Family say goodbye to army medic

The heartbroken brother of an Army medic gunned down on patrol in Afghanistan kissed her Union flag draped coffin as he lifted it on to his shoulder today.

Aaron Day closed his tear-filled eyes and drew a deep intake of breath before he helped his sister, Corporal Channing Day on her final journey.

Hundreds had lined the streets of Comber - a small town in the lush rolling hills of Co Down a world away from the dust and danger of the desert warzone where the 25-year-old soldier lost her life.

Cpl Day was the third British servicewoman to be killed in Afghanistan since military operations began in 2001.

Earlier, her sister Lauren had choked back tears as she told mourners attending her funeral service of the close bond between the four siblings.


She said the family would draw strength from her sister’s courage and take comfort in the knowledge they now had a guardian angel.

“We will get through this all if we continue to look out for each other knowing that we have a diamond in the sky,” she said.

Army chaplain, Albert Jackson, who led the funeral service at First Comber Presbyterian Church spoke of a young woman who, despite her job, had all the usual girlie tastes.

The colour pink was her favourite; she loved antiques; had a passion for shopping and just loved to talk, he told the crowds.

“She was small in stature but had a huge personality - bubbly, enthusiastic and wouldn’t take no for answer,” said Padre Jackson.

“The word impossible did not come into her vocabulary because all things were possible and achievable and she certainly set out to do that. She had that infectious smile that would lighten up even the gloomiest of days. She was truly unique.”

Cpl Day had initially hoped to join the Royal Engineers but was turned down on account of her height. Having missed out because she was just two inches too short, mourners heard how she turned her attention to the Army Medical Corps - a role which regularly took her into the danger zone in places like Iraq and Afghanistan.

Padre Jackson added: “Channing’s passion in life from an early age was to be a soldier. That was her goal. She wanted to be one of the best. She wanted to be the best. And, so she joined the Royal Army Medical Corps and became a combat medic.

“That meant that Channing was out on the ground with the lads. She was one of them. She would face all the difficulties and hardships that the guys would encounter. But her presence there made the guys feel somewhat assured. She instilled a confidence that no matter what would happen she would be there to help them.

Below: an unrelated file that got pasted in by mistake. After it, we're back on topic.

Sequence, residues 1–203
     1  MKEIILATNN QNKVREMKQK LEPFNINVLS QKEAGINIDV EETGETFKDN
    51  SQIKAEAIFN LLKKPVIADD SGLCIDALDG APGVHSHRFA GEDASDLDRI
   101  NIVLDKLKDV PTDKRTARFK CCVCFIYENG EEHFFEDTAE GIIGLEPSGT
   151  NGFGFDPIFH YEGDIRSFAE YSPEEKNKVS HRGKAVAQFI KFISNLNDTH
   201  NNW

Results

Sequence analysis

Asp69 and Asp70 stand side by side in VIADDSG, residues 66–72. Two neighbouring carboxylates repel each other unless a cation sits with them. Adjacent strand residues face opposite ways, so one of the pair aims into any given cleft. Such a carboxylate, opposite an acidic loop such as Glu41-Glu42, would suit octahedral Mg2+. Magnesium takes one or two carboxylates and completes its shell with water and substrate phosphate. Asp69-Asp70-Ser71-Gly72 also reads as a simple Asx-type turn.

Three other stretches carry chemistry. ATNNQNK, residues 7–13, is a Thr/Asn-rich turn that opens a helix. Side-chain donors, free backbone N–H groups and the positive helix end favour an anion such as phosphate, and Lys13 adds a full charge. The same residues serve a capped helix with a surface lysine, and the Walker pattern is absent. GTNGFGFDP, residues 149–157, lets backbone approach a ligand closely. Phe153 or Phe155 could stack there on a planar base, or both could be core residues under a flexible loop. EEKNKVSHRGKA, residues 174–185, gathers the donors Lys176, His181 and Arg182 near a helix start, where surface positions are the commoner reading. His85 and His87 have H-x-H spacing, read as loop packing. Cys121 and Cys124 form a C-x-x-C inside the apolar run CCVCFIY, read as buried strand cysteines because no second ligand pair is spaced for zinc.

“I salute her courage, that determination and that devotion.”

In two days time the same crowds will gather at Comber’s war memorial to honour the dead of two World Wars.

But, today businesses closed and the entire community paused to remember another young life tragically cut short in a foreign conflict that is still raging.

The whole town came to a standstill as the hearse, drawn by two jet black horses made its way from the church to the cemetery.

The sombre procession paused for a minute’s silence outside the Channing family home close to the town centre.

Veterans with poppies pinned alongside their shiny service medals stood shoulder to shoulder with serving soldiers and members of the Royal British Legion who lowered flags as the cortege passed in silence.

Walking behind the hearse and clutching each other’s hands were Cpl Day’s mother Rosemary, father Leslie and two sisters Lauren and Laken - who had brightened their funeral blacks with flashes of pink in tribute to their sister’s favourite colour - as well as her brother Aaron.

Cpl Day was buried with full military honours.

At the graveside Mrs Day buried her face into her scarf and gripped tightly on to her husband and son as they watched her daughter’s army colleagues lower the coffin into the ground.

Momentarily, the sun glimpsed out of the thick blanket of grey cloud.

A volley of shots was fired and a lone bugler played the Last Post.

Speaking after the funeral, Major Kevin Smith, Officer Commanding 3 Medical Regiment described Cpl Day as the ultimate professional.

He said: “Channing was an exemplar of a professional soldier; universally respected for her diligence, her willingness to put herself in harms way and her total professionalism.”

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